Check out these highlights from The Internet Scout Project.
British Library: Playtimes
What would it be like to play games in wartime Britain? Or any other time for that matter? This remarkable website from the British Library helps curious visitors learn about playground games of all sorts. Visitors can watch a video of girls dancing to celebrate the end of World War One and also look at children performing traditional songs and games. In the Kids Zone, visitors can use the interactive playground to peruse some of these most fascinating pastimes. The Your Stories section lets visitors learn about images submitted by young people themselves documenting their favorite games. Teachers will also find the materials here helpful when teaching their charges about how children play around the world.
Early Washington Maps: A Digital Collection
Documenting "the struggle between Britain and America for the ownership of the region, and the further development of one of the last frontiers on the continent" is one of the primary goals of this digital collection of maps relating the history and development of the area that eventually would become Washington state. Created by a partnership between the University of Washington and Washington State University, the digital collection includes a timeline of early Washington maps that orients its users to the breadth and depth of the digital collection. There is also a drop-down menu that allows visitors to look at thumbnails of each map, organized by different themes such as forests, Puget Sound, and railroads. A general searchable index to the collection is also available for visitors looking for any number of thematic maps. The site will be of special interest to those curious about Washington state history, historical geography, and the practice of cartography over the past few centuries.
In Search of Shakespeare: Shakespeare's Sonnets Lesson Plan
PBS has created a wonderful lesson plan on Shakespeare's sonnets that addresses students' most common complaint about the Bard: the inaccessible language. This website for educators has videos and other technology for students, as well as academic articles for educators that are meant to help them better understand how to teach Shakespeare. Visitors should not miss the updated "translation" of Sonnet 18, the classic that starts out "Shall I compare thee to a summer's day?" Another gem of a lesson plan that visitors should check out is the "Soliloquies Buster" under "Professional Development" on the right hand menu of the website. It includes a handout that gives the step-by-step process on making the dreaded soliloquy not just accessible, but engaging and fun.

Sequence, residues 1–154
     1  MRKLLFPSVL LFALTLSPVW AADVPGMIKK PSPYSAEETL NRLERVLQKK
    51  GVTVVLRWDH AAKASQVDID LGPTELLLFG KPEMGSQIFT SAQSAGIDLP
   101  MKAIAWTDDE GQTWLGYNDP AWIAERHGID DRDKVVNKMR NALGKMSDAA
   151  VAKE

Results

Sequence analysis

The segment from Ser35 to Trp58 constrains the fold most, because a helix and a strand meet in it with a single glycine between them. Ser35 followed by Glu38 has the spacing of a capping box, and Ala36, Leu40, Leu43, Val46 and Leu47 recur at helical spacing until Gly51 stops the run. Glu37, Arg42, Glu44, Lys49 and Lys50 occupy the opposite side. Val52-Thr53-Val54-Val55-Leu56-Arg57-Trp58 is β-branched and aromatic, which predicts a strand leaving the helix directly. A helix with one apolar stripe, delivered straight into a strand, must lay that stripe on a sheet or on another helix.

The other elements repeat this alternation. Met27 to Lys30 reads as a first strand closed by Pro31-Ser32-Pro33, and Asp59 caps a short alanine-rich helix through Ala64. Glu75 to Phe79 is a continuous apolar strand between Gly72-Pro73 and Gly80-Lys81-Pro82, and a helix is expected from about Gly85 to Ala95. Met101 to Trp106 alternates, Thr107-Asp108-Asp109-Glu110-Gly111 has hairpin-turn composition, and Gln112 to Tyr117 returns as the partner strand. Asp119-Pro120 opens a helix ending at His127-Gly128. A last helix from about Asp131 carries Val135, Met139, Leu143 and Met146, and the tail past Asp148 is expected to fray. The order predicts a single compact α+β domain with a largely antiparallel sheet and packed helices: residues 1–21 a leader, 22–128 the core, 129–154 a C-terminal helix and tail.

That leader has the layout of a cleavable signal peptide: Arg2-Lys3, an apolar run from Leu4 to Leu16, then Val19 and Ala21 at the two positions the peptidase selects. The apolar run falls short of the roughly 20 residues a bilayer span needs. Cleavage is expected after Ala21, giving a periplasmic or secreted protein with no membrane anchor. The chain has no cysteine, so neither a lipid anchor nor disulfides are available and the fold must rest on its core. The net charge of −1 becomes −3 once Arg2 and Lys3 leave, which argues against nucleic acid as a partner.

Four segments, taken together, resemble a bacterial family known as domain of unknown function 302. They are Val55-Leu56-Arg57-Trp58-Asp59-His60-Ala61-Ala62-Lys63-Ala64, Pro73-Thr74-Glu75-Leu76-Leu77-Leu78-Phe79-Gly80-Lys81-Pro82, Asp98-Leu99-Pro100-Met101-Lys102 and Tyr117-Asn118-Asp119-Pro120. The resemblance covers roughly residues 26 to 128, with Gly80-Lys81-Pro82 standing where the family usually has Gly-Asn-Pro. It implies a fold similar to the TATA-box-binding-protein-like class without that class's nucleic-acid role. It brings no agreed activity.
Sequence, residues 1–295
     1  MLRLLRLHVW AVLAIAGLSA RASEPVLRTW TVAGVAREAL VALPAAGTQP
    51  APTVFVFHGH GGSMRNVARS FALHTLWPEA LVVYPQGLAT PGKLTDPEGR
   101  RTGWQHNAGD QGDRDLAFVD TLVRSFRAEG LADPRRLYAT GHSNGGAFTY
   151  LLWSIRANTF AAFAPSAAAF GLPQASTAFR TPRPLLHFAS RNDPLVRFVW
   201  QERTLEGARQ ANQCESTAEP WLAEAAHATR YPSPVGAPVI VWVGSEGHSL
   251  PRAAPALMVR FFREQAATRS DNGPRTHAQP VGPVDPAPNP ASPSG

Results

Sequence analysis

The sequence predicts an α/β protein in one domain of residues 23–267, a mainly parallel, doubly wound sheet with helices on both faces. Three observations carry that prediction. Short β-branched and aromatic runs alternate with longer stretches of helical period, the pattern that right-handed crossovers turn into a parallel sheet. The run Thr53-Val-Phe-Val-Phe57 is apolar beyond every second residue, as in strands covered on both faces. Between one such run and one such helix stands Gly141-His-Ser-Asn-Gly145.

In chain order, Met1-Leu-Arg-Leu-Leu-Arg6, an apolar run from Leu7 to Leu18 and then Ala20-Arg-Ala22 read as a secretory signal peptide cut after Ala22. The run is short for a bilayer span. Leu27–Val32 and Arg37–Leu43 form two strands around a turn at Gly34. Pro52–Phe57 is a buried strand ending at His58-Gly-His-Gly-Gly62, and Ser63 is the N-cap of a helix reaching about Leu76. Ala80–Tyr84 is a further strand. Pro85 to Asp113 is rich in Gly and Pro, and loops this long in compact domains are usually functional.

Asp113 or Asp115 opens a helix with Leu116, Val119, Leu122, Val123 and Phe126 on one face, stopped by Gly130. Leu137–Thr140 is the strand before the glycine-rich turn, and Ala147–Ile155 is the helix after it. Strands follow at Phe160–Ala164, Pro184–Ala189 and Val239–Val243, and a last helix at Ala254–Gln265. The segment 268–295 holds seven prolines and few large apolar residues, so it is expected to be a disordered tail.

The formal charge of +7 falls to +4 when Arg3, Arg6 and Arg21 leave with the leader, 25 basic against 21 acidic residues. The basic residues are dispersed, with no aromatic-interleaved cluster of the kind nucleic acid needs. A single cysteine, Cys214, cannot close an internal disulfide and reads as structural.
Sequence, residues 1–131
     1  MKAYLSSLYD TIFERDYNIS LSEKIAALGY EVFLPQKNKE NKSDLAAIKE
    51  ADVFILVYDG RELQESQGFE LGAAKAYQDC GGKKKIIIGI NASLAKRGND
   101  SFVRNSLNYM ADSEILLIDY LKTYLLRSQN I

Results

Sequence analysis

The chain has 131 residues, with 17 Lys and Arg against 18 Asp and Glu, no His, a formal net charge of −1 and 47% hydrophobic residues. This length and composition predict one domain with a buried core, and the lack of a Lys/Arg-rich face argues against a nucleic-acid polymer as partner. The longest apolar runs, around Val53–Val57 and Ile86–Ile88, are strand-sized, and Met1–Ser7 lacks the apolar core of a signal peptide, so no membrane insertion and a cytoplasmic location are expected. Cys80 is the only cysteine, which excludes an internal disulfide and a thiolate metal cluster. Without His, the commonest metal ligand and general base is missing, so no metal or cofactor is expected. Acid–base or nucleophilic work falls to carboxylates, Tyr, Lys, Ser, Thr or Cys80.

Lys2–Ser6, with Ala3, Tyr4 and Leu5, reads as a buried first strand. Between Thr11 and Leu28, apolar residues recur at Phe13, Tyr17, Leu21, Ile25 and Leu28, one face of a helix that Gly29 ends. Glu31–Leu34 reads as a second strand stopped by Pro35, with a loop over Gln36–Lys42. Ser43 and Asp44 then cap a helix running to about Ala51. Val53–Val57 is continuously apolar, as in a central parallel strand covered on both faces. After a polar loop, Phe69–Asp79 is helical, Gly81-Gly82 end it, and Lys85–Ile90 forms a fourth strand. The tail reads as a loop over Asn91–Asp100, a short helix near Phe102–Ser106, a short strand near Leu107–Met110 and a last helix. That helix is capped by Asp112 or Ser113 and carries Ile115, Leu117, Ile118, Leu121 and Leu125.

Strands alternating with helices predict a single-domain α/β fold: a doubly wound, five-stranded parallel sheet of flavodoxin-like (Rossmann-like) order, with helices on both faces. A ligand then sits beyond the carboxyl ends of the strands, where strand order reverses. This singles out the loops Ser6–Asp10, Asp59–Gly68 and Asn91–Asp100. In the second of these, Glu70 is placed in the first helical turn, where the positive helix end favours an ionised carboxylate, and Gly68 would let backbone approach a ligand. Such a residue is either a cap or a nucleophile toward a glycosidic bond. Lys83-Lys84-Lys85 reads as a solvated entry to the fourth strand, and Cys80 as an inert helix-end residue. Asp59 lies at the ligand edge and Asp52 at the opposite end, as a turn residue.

Get the Math
How does math get used in the "real world?" The short answer is that it is used to create hip-hop music, in fashion design, and through a number of other endeavors. This interactive website combines video and web interactive to help young people develop algebraic thinking skills for solving real-world problems. The series is funded by The Moody's Foundation, along with assistance from WNET and American Public Television. The sections of the site include The Challenges, Video, and Teachers. In The Challenges area, users will find video segments profiling the various young professionals who use math in their work, along with interactive tools to help students solve the challenges they are presented with. Moving on, the Teachers area includes resources for teachers, such as a training video showing how to use project materials in the classroom, along with student handouts. Visitors shouldn't miss the Basketball challenge, featuring NBA player Elton Brand talking about the problems presented by free throw shooting.
Source: Internet Scout Project